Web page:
Aims and objectives

The physical act of drawing symbols put both literates (professional scribes, bureaucrats, economic élites etc.) and illiterates (who were they?) on the same footing. The project NOTAE aims to investigate the graphic symbols in order to capture all the possible historical implications by studying their graphic ex- ecution as well as their models and cross-influences, their contexts and trans- missions, and with the purpose to frame the category of illiterates for each significant period and region involved in the wide historical and geographical span with which the project is engaged; archaeology, sociolinguistics, social anthropology, history of christianity will also provide important methodolog- ical angles and specific attention will be devoted also to the results of the studies about the presence of symbols in manuscripts of the literary tradition, which represents one of the most interesting research topics in recent years.21

Within this general aim, the project pursues four main objectives: (1) to provide an inventory as complete as possible of graphic symbols and a collec- tion of their images, through the systematic inspection of all the documentary sources available for the period in question; (2) to study each graphic symbol in its context through a complete synchronic analysis, in order to classify, to interpret and to relate each symbol to its author, to the host document, to the historical geographical context; (3) to create the NOTAE system, which will be primarily designed and implemented in order to work as a research tool of the Project; (4) to conduct comparative and diachronic studies on the basis of the results of the objective 2 and employing the NOTAE system. Starting from the purpose to know ‘who drew what’, ‘when and where’, ‘how and why’, the project aims to historicizing graphic symbols as material traces left by human hands on the border between written and oral culture, educated literacy and poor graphic abilities of illitterates.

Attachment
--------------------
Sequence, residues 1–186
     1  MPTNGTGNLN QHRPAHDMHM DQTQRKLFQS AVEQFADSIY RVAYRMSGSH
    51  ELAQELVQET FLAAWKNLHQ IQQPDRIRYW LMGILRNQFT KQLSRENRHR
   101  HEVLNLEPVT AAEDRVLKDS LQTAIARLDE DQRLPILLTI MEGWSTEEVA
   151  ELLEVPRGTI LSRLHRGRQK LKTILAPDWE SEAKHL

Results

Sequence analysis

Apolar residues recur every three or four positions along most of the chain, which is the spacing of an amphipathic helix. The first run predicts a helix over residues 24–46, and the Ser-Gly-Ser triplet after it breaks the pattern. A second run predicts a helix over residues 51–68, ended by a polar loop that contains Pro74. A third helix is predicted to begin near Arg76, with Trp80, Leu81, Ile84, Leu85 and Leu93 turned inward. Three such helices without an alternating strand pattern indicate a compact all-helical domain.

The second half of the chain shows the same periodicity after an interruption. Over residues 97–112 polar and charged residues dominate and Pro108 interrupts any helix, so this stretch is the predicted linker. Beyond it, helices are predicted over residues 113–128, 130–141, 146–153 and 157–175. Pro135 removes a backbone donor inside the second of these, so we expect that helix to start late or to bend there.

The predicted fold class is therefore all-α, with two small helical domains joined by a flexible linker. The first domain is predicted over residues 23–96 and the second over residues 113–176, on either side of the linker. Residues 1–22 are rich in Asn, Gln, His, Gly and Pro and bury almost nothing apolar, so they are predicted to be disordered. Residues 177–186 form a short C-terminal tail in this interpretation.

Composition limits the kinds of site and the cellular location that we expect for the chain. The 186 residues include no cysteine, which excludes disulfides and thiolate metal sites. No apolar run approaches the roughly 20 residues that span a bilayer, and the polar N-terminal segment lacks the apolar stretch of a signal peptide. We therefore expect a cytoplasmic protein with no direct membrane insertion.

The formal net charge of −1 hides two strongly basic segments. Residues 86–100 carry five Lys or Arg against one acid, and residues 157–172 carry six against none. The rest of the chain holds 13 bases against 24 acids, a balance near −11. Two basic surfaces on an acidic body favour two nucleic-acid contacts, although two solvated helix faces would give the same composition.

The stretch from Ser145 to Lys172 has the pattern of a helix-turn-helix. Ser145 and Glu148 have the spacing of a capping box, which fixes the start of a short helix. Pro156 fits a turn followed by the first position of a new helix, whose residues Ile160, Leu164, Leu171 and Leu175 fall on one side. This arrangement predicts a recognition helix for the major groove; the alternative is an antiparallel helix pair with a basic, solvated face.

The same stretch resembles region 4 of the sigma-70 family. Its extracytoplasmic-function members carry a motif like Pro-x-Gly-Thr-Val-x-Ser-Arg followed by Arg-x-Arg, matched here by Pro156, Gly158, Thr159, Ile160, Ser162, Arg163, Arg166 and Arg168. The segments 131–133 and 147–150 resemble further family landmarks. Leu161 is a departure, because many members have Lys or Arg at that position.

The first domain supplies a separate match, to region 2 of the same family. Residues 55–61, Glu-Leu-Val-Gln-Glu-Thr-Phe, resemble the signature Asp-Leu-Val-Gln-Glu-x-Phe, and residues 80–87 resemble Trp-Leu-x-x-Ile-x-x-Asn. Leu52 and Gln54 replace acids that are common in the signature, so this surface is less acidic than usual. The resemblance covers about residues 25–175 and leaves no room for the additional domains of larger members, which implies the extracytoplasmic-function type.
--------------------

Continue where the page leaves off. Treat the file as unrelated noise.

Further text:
Significant contributions are expected also about two unsolved problems in the specific field of palaeography: the meaning of the complex graphic symbol, consisting of tachigraphic notes and crossed lines drawn as interlock- ing pieces, which appears in the notarial subscriptions of the Greek private documents; the survival of tachigraphic notes and Tironian notes in the prag- matic literacy of the post-Roman West.


The NOTAE project covers a long time span, from the Late Antiquity to the Early Middle Ages, and considers the use of graphic symbols in pragmat- ic literacy by both literate and illiterate people, in contexts in which a clear gap between written and spoken language did not exist at all (Late Antiquity) 21 See, for example, Steinová 2018.


or still was not complete (post-Roman western kingdoms till the eighth or ninth centuries). It shall therefore produce new knowledge, needed to attain a deeper historical comprehension of the graphic symbols known and used by the elites in the immediate aftermath of post-Roman kingdoms. Against this background, the NOTAE project is expected to impact greatly on the studies in diplomatic semiotics of the High Middle Ages.